KITE Power Systems, the renewable energy company, has opened a head office in Glasgow, following plans to establish a research and test facility in Dumfries & Galloway.
Kite Power Systems, known as KPS, is undertaking a recruitment drive as it consolidates its activities in Scotland, with 10 posts set to be filled by the end of next month.
In December, KPS announced it would open a test site on a MoD range near Stranraer, after it was backed by £5million of investment, led by Shell, along with E.ON and Schlumberger.
KPS’s management and design engineering team will be based at the Tontine Innovation Centre in Glasgow’s Trongate, which was once home to James Watt’s workshop. Last year it was converted into a high-tech space in a £1.7m redevelopment as part of the Glasgow and Clyde Valley City Deal.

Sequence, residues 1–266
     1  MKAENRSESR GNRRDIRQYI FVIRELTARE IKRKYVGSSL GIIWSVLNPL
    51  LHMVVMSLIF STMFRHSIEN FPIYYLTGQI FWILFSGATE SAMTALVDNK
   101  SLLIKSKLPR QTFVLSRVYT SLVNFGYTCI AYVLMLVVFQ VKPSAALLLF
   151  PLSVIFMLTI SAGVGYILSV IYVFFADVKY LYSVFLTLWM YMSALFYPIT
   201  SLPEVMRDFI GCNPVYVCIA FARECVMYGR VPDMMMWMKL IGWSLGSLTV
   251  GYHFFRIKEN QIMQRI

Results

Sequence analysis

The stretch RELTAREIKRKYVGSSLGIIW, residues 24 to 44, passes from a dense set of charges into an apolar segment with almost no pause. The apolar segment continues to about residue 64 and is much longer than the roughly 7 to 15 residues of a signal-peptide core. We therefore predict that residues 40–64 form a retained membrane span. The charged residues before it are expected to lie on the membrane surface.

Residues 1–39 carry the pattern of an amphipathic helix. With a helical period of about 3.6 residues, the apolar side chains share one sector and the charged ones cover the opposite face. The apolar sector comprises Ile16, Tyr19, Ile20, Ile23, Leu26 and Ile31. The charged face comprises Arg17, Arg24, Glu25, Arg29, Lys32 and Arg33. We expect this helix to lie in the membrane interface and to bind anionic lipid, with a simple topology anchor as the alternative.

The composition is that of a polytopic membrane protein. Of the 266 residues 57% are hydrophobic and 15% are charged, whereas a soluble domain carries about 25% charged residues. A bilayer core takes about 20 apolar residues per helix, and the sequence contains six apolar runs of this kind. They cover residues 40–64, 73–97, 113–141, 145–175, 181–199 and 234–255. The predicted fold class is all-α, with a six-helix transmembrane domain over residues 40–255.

The total headcount at the business will rise to 25 by the end of the first year in Scotland, which will result in KPS moving to a permanent workspace in the city centre later in 2017.
KPS’ technology works by tethering kites to a winch system that generates electricity as it spools out. Kite power requires lower capital expenditure than conventional offshore turbines as it doesn’t require the installation of turbines and their foundations.
The company has already secured planning consent to deploy a 500kW power system from April this year. This, said the company, will lead to a planned onshore demonstration array of multiple 500kW systems within the next three to four years elsewhere in Scotland.
Thereafter, KPS plans to develop a 3MW onshore system at West Freugh and then deploy a similar sized power system in offshore waters.
David Ainsworth, KPS business development director said: “As well as its proximity to our testing facility, [Glasgow] offers a wealth of resources, expertise and talent in engineering design and manufacture.